Wednesday, September 3, 2008

Anwar: A third alternative?

Sep 3, 2008

By K Kesavapany

THE attention given to the Permatang Pauh by-election held on Aug 26 stretched far beyond the borders of the small constituency. Not only were Malaysians transfixed by the contest, foreign journalists too waited for every titbit of information coming out of rural Penang.

Datuk Seri Anwar Ibrahim, the country's former deputy prime minister, returned to Parliament after an absence of 10 years. He was deposed in 1998 and jailed for abuse of power. Now the leader of a formidable coalition of opposition parties, he is trying his best to topple the government.

The challenge the government faces, however, is much more than a contest between individual Malay leaders. In losing control over four more states apart from Kelantan in the general election of March 8, as well as its two-third majority in Parliament, the ruling Barisan Nasional (BN) suffered a blow from which it cannot recover easily, if at all.

Its component parties lost badly. Some of them - such as Parti Gerakan Rakyat, the Malaysian Indian Congress (MIC) and the People's Progressive Party - were practically wiped out. This upsets the basic rationale of the BN, for its race-based parties claims to represent all the races of Malaysia. The Indian community, for example, is no longer properly represented within the ruling coalition.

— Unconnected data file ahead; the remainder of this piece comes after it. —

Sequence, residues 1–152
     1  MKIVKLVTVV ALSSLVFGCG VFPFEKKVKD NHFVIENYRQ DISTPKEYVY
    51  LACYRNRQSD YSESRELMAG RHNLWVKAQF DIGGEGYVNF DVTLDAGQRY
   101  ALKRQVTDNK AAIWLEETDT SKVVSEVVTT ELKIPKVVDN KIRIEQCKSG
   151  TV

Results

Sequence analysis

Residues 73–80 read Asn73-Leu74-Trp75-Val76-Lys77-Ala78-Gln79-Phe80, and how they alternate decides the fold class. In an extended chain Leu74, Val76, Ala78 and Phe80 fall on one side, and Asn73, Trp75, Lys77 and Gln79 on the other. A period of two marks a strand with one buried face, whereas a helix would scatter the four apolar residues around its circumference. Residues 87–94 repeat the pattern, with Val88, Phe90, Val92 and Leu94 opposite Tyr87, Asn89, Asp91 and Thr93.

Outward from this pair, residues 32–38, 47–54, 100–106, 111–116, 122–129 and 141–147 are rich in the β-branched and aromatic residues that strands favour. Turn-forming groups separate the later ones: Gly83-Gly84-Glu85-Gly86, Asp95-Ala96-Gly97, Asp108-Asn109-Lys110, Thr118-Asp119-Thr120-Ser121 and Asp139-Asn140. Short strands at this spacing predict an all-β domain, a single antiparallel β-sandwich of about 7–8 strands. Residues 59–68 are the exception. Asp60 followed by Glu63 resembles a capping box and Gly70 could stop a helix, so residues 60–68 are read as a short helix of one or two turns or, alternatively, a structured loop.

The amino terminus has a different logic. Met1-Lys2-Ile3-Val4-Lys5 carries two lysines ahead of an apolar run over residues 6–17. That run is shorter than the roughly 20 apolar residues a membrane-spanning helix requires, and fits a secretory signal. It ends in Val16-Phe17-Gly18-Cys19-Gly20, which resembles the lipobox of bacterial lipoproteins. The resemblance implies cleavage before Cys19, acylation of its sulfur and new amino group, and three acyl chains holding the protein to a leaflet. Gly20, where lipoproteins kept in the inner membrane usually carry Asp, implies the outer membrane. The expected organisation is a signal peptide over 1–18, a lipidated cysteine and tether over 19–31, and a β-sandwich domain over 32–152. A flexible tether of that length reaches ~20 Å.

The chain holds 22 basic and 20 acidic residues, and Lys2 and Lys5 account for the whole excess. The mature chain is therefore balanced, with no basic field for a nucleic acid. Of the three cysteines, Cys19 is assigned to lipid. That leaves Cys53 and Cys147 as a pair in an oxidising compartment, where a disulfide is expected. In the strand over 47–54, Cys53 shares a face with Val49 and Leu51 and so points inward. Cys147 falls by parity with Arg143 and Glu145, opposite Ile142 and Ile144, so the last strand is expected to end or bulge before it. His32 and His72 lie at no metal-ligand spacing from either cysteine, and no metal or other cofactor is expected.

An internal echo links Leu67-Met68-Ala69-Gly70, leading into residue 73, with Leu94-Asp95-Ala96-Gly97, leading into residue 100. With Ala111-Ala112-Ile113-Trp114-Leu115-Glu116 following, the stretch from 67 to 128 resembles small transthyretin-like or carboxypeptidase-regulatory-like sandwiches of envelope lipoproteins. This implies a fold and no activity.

The BN's dominant United Malays National Organisation (Umno) now looks very much like a regional party, firmly entrenched only in the south of peninsular Malaysia. The coalition is now critically dependent on support from across the South China Sea, in Sabah and Sarawak.

The challenge facing the BN is therefore systemic. Not only is the coalition in trouble, Umno has to revamp its image as the champion of Malay rights. Perhaps the federation's current configuration will have to be reconsidered. More critically, Umno has to deal with the disintegration of the concept of Ketuanan Melayu or Malay supremacy.

Umno came into being to defend Malay interests. These interests were initially articulated as 'the special position of Malays' and later 'Malay rights'. As a tactical move during the 1960s, 'Bumiputera rights' became the key term. As Umno grew in political prominence after 1969, its policy perspectives converged around the controversial concept of Ketuanan Melayu.

Fundamental weaknesses in the BN system became undeniable at the time of the 1997-98 Asian Financial Crisis. These were reflected in the Reformasi movement and in the 1998 fallout between Mr Anwar and his mentor-turned-nemesis, Tun Dr Mahathir Mohamed.

Paradoxically, Dr Mahathir, the Malay champion, had brought Mr Anwar into his government in 1982 because of the latter's religious credentials. The then prime minister was responding tactically to the rising religiosity of ethnic Malays. The Malay champion thus restyled his administration as a champion of Malay-Muslims interests. He succeeded well in this - perhaps too well for his own good.